Today in Apple history: The first Apple II ships

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Are you old enough to remember the Apple II?
Photo: Computer History Museum

friday_10 Mobile devices may now represent the overwhelming bulk of Apple’s enormous revenue, but there’s no underestimating just how significant the Apple II was when it arrived — not just for Apple’s bottom line, but for personal computers as a whole.

First shipping on June 10, 1977, the Apple II came with 4KB of RAM (upgradeable to a whopping 48KB) and a not-insignificant price tag of $1,298: the equivalent of two MacBook Pros today.

Happy birthday, Apple II!

Steve Jobs shows off the Apple II.
Steve Jobs shows off the Apple II.
Photo: Apple

Although Apple had already debuted the Apple I, the Apple II was Apple’s first true mass-market computer, shipping with a keyboard, BASIC compatibility and, most notable of all, color graphics. On top of this, it had great peripherals like the Disk II 51/4-inch floppy drive, and superb software ranging from games to productivity tools like VisiCalc.

It may not have turned Apple into a billion dollar giant overnight, but the Apple II had a big impact on Apple’s finances: helping Apple bring in $770,000 in revenue the year it debuted, $7.9 million the year after that, and a whopping $49 million the year after that.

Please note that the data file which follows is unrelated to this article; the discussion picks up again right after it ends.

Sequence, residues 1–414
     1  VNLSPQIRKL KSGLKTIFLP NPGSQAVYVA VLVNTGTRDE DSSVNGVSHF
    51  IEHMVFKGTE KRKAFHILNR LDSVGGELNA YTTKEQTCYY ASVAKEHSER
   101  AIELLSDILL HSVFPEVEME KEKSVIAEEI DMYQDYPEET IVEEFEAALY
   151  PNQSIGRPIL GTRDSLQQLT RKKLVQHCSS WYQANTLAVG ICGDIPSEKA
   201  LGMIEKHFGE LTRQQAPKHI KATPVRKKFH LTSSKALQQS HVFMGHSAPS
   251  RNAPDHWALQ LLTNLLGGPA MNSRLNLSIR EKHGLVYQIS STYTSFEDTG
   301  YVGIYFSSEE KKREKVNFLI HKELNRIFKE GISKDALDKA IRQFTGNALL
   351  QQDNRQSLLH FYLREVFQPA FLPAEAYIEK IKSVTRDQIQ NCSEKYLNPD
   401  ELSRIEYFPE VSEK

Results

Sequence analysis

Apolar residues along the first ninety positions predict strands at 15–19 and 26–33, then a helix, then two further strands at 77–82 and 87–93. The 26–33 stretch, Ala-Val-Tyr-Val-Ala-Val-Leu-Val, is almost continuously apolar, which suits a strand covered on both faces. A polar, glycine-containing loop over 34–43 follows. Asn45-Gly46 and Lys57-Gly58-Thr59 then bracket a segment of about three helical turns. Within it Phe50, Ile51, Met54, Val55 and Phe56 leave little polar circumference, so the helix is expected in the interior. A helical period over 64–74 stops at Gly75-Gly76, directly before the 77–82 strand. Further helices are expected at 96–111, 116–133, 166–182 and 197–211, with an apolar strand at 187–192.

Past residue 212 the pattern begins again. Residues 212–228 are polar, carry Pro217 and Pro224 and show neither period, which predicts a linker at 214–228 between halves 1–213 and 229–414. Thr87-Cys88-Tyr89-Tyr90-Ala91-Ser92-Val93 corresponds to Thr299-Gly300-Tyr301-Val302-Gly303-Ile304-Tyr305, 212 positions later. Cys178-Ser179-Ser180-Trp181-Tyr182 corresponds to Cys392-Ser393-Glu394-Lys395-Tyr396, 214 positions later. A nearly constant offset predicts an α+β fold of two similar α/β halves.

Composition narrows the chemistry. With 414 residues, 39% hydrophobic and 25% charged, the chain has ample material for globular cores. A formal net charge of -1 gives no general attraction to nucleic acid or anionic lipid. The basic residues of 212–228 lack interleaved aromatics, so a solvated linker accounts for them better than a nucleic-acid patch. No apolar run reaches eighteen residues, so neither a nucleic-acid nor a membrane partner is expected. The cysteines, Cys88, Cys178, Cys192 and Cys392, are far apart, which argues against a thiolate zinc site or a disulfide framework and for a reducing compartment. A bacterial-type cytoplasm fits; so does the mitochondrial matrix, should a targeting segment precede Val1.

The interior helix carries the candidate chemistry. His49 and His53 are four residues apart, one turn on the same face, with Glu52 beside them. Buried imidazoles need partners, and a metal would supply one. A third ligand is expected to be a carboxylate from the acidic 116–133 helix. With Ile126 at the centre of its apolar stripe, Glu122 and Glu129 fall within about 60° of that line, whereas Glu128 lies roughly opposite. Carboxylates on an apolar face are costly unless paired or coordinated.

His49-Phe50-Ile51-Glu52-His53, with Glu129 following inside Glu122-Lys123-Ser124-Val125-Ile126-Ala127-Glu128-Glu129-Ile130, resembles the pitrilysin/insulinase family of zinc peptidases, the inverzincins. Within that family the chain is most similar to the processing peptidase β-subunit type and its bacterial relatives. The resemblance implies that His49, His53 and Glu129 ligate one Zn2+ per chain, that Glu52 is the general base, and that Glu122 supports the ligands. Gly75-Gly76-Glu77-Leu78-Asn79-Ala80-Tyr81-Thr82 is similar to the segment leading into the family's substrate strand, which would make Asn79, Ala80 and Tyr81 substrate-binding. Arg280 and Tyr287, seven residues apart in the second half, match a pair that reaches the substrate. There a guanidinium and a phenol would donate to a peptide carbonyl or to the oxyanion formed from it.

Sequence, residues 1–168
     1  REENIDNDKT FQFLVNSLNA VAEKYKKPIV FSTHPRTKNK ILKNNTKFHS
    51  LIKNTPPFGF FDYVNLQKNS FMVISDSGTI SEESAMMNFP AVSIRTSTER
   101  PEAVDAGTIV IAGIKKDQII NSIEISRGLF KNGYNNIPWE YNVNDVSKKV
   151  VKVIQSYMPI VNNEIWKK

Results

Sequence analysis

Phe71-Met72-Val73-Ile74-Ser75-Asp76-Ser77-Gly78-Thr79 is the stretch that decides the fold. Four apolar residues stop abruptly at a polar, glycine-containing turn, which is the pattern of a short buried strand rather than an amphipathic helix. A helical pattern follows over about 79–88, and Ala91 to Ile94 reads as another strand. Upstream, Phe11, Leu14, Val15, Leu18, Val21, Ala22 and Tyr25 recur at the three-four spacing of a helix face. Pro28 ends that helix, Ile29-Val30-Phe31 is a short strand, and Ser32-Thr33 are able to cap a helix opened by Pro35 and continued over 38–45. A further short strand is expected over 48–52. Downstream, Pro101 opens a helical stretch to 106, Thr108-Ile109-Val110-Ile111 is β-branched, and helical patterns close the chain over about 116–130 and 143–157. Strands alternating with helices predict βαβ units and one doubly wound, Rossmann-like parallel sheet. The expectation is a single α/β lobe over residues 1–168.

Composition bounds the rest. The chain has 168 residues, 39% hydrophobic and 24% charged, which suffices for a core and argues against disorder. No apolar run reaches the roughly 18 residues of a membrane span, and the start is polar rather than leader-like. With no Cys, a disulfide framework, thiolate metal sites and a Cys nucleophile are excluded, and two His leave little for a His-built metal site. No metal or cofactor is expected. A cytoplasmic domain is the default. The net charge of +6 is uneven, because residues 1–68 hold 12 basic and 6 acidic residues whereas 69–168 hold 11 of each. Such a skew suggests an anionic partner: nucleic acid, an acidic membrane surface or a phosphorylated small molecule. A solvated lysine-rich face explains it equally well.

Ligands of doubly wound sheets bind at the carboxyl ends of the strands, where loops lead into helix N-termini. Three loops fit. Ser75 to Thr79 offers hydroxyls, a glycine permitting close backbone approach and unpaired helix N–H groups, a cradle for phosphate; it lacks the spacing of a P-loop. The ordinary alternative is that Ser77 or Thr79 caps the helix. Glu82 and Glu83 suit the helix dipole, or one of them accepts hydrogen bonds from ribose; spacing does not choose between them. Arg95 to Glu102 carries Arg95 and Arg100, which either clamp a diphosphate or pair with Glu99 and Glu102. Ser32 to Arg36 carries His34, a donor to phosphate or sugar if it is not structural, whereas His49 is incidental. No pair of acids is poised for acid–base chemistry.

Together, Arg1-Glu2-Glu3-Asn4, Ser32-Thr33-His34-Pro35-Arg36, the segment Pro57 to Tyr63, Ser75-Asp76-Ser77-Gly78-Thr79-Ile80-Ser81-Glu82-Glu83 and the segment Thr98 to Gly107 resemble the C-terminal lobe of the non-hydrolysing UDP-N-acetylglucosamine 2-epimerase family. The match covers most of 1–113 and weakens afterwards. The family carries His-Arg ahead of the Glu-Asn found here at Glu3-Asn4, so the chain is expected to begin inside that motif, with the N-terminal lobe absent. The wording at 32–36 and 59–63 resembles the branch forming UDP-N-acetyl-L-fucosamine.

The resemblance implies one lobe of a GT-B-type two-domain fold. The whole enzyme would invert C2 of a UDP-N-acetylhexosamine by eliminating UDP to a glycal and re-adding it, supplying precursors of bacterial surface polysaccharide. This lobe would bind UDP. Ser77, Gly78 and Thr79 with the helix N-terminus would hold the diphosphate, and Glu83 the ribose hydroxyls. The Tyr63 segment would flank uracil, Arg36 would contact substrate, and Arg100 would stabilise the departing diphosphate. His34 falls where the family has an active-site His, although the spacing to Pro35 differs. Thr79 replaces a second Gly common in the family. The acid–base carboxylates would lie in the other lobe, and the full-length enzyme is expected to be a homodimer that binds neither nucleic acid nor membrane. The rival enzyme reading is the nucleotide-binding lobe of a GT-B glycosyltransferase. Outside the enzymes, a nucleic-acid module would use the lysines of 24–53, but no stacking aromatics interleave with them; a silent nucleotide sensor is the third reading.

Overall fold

The Apple II line also introduced some major players to the world of high tech, including Mitch Kapor, founder of Lotus Development Corporation and co-founder of the Electronic Frontier Foundation, and John Carmack, the legendary coder behind the smash hit games Wolfenstein 3DDoom, and Quake.

Simply put, without the Apple II the tech world looks very, very different indeed.

Deals of the Day

  • bIg hIlL

    Interesting. Meanwhile in England we had the Sinclair Spectrum and Manic Miner

    • Slimey

      Not Quite. This pre-dated my Sinclair ZX80 by quite a while. But I remember at school we had a choice of an Apple II or three Commodore PETs. Obvious choice really, Apple was pretty irrelevant to all but the very rich in those days.

  • Loren Sims

    I considered getting one, but all those ribbon cables trailing out the back looked sloppy to me and I was looking for much better graphics and sound. I went for an Atari 800 and it’s always been the clearly better choice.